• Appetite control: Because your baby is in charge of what s/he wants to eat, s/he is also in control of how much s/he want to eat.  In BLW, there is no forcing a child to eat “just another bite”.  Because they are allowed to decide when they are done eating, it allows them to listen to their body’s cues and can be a contributing factor to reducing the risk of overeating and obesity in adulthood.
  • Easier, less complicated meals: With BLW, there is no need to prepare purées in advance or heat them.  Since your baby is included in mealtimes and their food doesn’t have to be reduced to mush, they can eat  what the rest of the family is eating (plus, their food doesn’t have to be bland, it can be seasoned!).  Because of this, eating out is easier as well.

As for the disadvantages, well, it would seem that BLW is a very messy process, especially at first when your baby is still exploring and hasn’t figured out that these new ‘toys’ actually serve to fill up his/her belly.

Of course, as with any method, there are always two sides to the proverbial coin.  As such, some caution against using this method.

But, won’t my baby choke?

^^This, is the first thing that popped into my mind when I first started reading up on solids and came across the world of BLW.  However, from what I’ve read (mind you, from the biased point of view of those who actually do BLW), the risk of choking is smaller than it is for babies who were fed purées.

But why?

Well, in a nutshell, babies who are fed purées learn to swallow before they learn to chew, whereas in BLW babies, it is the opposite.  Furthermore, since the gag reflex is triggered further down the mouth as our little ones grow, they will have less time to push out a piece of food that is too large than a younger child..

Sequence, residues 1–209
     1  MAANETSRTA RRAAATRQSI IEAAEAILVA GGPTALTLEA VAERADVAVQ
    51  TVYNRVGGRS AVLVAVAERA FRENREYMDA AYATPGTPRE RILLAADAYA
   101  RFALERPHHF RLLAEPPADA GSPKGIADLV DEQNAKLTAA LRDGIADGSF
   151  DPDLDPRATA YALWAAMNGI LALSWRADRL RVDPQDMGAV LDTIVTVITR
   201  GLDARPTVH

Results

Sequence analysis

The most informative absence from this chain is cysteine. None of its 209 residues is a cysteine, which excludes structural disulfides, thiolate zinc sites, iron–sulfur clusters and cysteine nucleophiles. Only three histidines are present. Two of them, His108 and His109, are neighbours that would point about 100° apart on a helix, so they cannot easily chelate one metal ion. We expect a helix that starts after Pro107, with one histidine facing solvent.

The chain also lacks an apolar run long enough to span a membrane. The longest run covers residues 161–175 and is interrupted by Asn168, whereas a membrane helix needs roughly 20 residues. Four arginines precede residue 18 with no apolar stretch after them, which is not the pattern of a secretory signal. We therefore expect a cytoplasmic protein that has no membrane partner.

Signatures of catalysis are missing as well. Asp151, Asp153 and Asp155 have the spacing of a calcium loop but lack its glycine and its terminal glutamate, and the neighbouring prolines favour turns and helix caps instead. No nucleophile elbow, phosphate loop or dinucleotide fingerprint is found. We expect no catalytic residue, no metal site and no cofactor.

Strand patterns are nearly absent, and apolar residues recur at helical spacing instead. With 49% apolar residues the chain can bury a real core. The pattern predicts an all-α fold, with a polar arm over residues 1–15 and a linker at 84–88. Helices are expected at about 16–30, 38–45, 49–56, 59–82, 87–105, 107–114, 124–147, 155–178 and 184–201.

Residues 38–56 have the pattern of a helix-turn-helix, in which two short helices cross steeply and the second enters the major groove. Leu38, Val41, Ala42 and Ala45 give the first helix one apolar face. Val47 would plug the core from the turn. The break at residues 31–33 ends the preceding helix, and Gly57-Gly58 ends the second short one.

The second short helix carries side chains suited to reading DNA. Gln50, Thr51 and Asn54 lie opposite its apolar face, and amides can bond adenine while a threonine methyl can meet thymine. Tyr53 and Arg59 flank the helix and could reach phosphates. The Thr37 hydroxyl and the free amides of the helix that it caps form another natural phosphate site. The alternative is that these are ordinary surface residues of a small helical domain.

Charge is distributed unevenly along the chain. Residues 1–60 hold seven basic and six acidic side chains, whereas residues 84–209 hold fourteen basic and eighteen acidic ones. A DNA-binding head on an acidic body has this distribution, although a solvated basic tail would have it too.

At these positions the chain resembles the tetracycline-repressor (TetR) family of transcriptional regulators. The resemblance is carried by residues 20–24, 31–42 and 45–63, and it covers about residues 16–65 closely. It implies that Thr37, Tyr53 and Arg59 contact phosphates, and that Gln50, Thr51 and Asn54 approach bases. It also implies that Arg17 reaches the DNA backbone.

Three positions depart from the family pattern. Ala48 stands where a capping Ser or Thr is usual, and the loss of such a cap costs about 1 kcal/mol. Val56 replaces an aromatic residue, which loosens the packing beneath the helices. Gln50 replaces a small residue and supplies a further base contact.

But BLW enthusiasts warn that your baby will gag as s/he learns to move food from the front of his/her mouth to the back of his/her mouth.  They also say that though it is alarming at first, that it is important to not panic and to allow your child to get the food out of their mouth themselves.  It is also important to keep in mind that your baby has to be in control at all times because if an adult (or ‘helpful’ toddler) tries to feed your baby by bringing the food to their mouth for them, then the potential for chocking is multiplied (think about how you’d react is another person tried to shove a piece of food in your mouth).

This all makes sense to me and so I decided that this is the approach I wanted to go with.

When do I know that my baby is ready?

  • Though some pediatricians give parents the green light to start solids when their baby is 4 months old, both the American Academy of Pediatrics and the World Health Organization caution against the introduction to solids (ie: anything other than breastmilk or formula) before the age of 6 months.  Before 6 months, it would seem, the stomach just isn’t ready to process solids.